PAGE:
A visit to France is a fully saturated Technicolor experience. Cityscapes and countryside similarly pulse with the color and light that once inspired the Impressionist and Post-Impressionist masters. Caught in Paris’s congested nighttime traffic, it was evident why the infamous Avenue des Champs-Élysées is sometimes called the street of diamonds and rubies. Juxtaposed against a black sky, the lanes of gleaming white headlights and scarlet break lights transformed the road into a conduit of glittering jewels.
When I look back on my time in France, I remember each experience as a color on the rainbow spectrum. I passed through the red-light district of Pigalle on my way to the Nouvelle Eve cabaret and vaudeville show in Montmartre. The neon glow emanating from the Moulin Rouge set the stage for a night of garish entertainment. From my seat directly in front of the Nouvelle Eve stage, I had an unimpeded view of bizarre dance routines, where the performers were clothed and then nude for seemingly no reason at all. Midway through the second act, a girl from my group propped her elbows up on the stage, rested her heavy head in her palms, and shouted drunken platitudes. I watched whirling, kicking legs come within inches of her face, as she continued to yell, “Awesome! Yeah!”
Evidently thirsty after dutifully cheering the dancers on, she turned back to the table to grab the champagne bottle nestled in the ice bucket. In her drunken haze, she forgot about the bottle next to her elbow, and accidentally knocked it to the floor. The bottle was half empty anyway, since she’d spilled most of its contents across the table during the previous act. Shocked by the calamitous loss of champagne, she then dropped the full bottle, as well. At first, I was annoyed that I’d paid for spilled alcohol, but I suppose the champagne glass half full perspective is that I paid for one show and inadvertently got two.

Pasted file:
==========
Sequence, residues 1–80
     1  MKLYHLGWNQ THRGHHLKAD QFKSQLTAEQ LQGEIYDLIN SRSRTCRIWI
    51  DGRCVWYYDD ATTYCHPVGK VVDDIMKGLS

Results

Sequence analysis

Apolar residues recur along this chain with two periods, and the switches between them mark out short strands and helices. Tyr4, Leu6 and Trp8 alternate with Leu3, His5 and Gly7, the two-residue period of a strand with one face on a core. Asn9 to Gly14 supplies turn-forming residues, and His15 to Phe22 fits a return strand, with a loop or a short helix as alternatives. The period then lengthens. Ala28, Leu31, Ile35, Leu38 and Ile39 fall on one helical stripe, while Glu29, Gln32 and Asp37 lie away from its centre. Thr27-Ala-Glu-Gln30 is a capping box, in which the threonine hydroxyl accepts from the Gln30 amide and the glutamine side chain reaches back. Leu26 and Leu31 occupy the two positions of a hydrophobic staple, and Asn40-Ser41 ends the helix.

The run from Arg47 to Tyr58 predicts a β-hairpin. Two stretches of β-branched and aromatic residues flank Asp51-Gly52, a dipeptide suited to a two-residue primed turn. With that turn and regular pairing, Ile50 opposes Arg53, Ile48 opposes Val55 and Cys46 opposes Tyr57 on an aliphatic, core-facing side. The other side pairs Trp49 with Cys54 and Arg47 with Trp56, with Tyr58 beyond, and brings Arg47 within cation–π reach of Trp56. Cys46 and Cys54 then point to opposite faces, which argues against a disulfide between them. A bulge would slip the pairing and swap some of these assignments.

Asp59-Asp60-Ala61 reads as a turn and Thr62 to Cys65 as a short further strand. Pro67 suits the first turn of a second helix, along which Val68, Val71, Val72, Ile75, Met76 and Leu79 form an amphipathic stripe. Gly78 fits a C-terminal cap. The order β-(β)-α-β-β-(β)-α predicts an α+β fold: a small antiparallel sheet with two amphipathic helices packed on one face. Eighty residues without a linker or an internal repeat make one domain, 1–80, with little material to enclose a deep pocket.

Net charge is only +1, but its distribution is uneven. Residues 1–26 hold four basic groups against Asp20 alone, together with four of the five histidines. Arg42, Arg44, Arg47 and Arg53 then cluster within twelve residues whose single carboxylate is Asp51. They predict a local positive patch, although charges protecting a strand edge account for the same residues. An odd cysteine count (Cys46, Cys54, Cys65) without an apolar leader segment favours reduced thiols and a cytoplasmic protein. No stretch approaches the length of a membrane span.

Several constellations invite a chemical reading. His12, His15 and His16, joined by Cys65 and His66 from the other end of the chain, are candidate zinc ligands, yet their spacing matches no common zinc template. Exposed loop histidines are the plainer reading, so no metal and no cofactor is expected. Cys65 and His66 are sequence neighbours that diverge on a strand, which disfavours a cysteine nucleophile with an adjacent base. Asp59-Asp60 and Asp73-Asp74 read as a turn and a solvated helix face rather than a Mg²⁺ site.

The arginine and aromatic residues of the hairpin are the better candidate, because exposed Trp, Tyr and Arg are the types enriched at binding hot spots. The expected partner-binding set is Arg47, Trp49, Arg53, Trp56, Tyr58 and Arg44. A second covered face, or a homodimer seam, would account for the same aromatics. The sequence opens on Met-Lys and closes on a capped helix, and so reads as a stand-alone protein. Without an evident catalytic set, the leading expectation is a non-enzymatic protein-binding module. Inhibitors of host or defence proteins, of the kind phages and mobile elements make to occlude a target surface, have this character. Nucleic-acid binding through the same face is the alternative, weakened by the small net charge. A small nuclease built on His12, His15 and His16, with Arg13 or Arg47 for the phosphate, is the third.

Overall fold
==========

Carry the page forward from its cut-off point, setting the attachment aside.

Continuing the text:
In general, France was a series of shifting expectations. When I first saw the Eiffel Tower, the sun was in the process of setting, and I remember being disappointed that we’d arrived so late. The thing is, it doesn’t even matter what time of day you arrive. The tower is gorgeous in any type of lighting, and in fact, it might be most alluring during those twilight hours when the sun is slowly sinking below the horizon. I watched the sky fade from blue to pale orange, and I thought about all the people around me coming from far-flung corners of the planet to see this one landmark. Later that night, I ate escargot for the first and probably last time in my life. Snails, as it turns out, are salty, with a gummy texture. Eating escargot is like chewing on a solidified chunk of seawater. Not bad, per se, but not something I’m clamoring to do again soon.